Carrington (1995) from Johnny Web (Uncle Scoopy; Greg Wroblewski)

Scoop's comments in white: 

It was certainly a strange decision to name this film Carrington. It's about the seventeen year relationship of painter Dora Carrington and author Lytton Strachey, but ...

1. Lytton Strachey was famous, Dora Carrington was not.

2. Lytton Strachey was witty and learned. Dora Carrington went from high school to an art school, was unlettered, and a woman of no special appeal.

Well, so be it. Strachey gets all the good lines, as he did in life, but Carrington got the title.

Their relationship was unique. Lytton Strachey was a homosexual, who first noticed Dora when he thought her a lovely young boy. Although they could find nothing to talk about, and she was not a boy, Strachey decided to kiss her on their first walk together. Carrington stayed in love with Strachey for the remainder of their lives. (They met in 1915. Strachey died of stomach cancer in January, 1932, and Carrington committed suicide about two months later, while still in her 30's.)

Carrington's story was certainly provocative. Even before Strachey's fatal illness, her life verged on tragedy in a certain sense, because the soul-mate of her life happened to be a man with whom she could not share a sexual relationship. Despite that, they lived together for many years, sharing their lives as if they were lovers, sometimes sleeping in the same bed. Sometimes they shared the same men. Carrington was married to one of Strachey's lovers, for example. Carrington bedded many men, but loved only Strachey. 


Emma Thompson shows her breasts from the side on two occasions, once while undressing, once while having sex standing up.
Carrington fails the official Scoopy litmus test for a great biography, in that it is really only interesting because it is true. If you thought the film to be about fictional characters, you probably wouldn't have much reason to watch it. That failure notwithstanding, the film has many positives:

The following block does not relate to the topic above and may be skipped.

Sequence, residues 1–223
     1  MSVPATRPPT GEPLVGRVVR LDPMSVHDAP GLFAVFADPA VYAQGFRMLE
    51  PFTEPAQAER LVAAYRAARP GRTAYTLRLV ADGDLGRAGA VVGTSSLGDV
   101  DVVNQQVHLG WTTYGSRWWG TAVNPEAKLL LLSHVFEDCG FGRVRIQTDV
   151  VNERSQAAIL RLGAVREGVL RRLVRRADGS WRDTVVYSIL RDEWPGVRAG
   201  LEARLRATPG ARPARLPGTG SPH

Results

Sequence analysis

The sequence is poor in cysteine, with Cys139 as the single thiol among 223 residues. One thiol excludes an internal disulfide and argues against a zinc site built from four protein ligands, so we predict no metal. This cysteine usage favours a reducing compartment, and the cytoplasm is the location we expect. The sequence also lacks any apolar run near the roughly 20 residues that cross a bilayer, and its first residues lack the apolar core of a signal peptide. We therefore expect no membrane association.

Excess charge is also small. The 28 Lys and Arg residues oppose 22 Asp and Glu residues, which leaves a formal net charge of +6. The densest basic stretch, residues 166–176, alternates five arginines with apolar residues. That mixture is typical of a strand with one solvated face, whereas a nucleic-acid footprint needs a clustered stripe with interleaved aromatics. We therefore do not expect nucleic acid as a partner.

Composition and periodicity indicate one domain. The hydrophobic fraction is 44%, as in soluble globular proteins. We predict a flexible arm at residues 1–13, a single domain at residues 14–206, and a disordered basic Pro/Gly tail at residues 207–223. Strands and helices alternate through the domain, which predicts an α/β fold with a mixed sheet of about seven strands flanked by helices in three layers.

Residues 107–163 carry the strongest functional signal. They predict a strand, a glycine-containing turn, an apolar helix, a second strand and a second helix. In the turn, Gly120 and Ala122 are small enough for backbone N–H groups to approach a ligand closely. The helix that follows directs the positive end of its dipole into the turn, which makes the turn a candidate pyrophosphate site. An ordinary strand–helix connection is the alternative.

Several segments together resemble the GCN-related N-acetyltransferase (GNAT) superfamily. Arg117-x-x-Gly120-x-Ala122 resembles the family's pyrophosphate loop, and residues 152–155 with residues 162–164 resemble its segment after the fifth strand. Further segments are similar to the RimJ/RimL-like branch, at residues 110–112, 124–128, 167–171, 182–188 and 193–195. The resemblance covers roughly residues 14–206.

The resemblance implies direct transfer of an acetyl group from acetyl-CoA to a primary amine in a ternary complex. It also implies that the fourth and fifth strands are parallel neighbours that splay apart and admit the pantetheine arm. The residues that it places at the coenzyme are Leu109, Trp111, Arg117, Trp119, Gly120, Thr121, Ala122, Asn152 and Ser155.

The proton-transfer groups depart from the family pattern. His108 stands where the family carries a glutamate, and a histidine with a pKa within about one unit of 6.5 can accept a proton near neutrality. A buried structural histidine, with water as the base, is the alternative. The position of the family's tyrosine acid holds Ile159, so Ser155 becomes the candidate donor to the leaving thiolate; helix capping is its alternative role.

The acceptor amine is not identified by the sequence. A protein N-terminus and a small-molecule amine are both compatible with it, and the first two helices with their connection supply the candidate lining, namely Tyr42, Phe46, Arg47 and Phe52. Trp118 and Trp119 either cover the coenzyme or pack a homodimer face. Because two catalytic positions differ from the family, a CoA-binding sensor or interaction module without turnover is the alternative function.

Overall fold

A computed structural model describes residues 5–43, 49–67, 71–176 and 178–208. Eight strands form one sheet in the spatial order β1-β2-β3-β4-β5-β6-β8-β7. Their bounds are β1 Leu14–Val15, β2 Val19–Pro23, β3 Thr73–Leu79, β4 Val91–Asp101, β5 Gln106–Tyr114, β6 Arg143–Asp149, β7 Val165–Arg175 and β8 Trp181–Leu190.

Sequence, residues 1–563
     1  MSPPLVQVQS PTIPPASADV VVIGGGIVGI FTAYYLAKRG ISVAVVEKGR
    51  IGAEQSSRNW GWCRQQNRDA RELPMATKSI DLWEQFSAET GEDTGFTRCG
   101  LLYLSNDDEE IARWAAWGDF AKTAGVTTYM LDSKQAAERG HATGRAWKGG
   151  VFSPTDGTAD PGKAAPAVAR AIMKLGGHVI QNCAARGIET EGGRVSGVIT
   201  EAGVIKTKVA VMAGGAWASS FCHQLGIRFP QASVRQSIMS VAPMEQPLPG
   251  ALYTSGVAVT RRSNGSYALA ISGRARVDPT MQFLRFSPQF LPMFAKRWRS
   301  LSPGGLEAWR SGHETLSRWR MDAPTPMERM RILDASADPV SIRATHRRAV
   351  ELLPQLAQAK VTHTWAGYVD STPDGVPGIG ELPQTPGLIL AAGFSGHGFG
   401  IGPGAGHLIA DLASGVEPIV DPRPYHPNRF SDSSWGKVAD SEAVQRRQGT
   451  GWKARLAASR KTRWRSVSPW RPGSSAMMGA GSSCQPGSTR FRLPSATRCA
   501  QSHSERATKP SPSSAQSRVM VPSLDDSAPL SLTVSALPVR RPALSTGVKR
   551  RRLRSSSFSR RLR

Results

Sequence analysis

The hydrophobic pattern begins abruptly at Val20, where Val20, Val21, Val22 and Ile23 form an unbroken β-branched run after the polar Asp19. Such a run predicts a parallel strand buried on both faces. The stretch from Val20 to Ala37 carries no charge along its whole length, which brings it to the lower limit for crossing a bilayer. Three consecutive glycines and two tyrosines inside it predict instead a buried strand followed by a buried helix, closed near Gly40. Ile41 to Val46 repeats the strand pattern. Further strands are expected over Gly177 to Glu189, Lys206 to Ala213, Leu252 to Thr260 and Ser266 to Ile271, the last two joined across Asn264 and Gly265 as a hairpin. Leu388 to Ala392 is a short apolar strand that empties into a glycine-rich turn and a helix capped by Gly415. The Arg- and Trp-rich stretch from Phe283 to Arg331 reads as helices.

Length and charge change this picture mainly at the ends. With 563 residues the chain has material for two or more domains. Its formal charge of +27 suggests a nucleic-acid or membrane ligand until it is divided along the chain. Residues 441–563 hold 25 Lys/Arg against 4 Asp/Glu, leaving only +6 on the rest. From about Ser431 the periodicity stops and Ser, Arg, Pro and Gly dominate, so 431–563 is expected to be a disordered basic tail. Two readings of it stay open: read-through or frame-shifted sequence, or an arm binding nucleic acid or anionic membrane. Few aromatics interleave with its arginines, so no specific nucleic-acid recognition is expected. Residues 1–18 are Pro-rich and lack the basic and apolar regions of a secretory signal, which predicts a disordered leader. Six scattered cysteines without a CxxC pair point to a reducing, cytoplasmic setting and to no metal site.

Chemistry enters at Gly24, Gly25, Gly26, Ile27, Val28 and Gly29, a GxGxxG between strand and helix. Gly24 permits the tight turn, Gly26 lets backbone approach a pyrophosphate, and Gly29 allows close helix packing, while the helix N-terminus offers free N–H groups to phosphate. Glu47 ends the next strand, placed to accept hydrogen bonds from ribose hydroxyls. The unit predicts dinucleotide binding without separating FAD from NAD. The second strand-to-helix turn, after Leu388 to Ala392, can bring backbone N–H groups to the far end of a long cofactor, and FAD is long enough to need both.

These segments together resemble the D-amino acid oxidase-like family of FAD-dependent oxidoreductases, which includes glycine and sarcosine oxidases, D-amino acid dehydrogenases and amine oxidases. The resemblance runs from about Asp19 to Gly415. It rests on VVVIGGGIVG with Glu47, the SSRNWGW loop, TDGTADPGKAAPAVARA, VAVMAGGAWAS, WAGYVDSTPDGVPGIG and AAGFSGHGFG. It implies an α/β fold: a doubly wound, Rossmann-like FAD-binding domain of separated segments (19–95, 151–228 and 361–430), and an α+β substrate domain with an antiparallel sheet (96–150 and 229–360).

• These people were odd and interesting, so your curiosity will be piqued by their story. Just how did they work all this out in reality?
  • The photographic composition is artistic and beautiful.
  • The dialogue is witty and literate. Strachey was a member of the famed Bloomsbury Group, the English equivalent of the Algonquin Roundtable, a group of wits and raconteurs who assembled frequently to exchange bon mots, intellectual pleasantries and literary gossip. Keynes, the famous economist, and the author Virginia Woolf were also members.
  • It is acted beautifully by Jonathan Pryce and Emma Thompson, who seem to evoke the originals flawlessly. They look exactly like them, as well. When I first saw the picture to the right, I thought it was from the film, but it is the originals!
  • It is educational, providing a painless lesson on the customs and interests of the English intelligensia between the wars
  • Some of the scenes are excellent. The one I liked best was shot from outside a mansion in which the camera followed the pairing off of many lovers, then pulled back to show Carrington sitting alone outside, just a spectator like the rest of us. There was some brilliant camerawork in that scene as well. 

DVD info from Amazon.

  • Widescreen anamorphic, 1.85:1

  • Making-of featurette

Is it a great movie? No, not in the sense that it will have broad appeal to a wide range of viewers. It is an excellent and straightforward chronological recitation of their interesting lives, so is therefore interesting in that regard. There is, however, no additional cinematic structure imposed upon the script to give the film a life of its own. It is interesting mainly because they were interesting.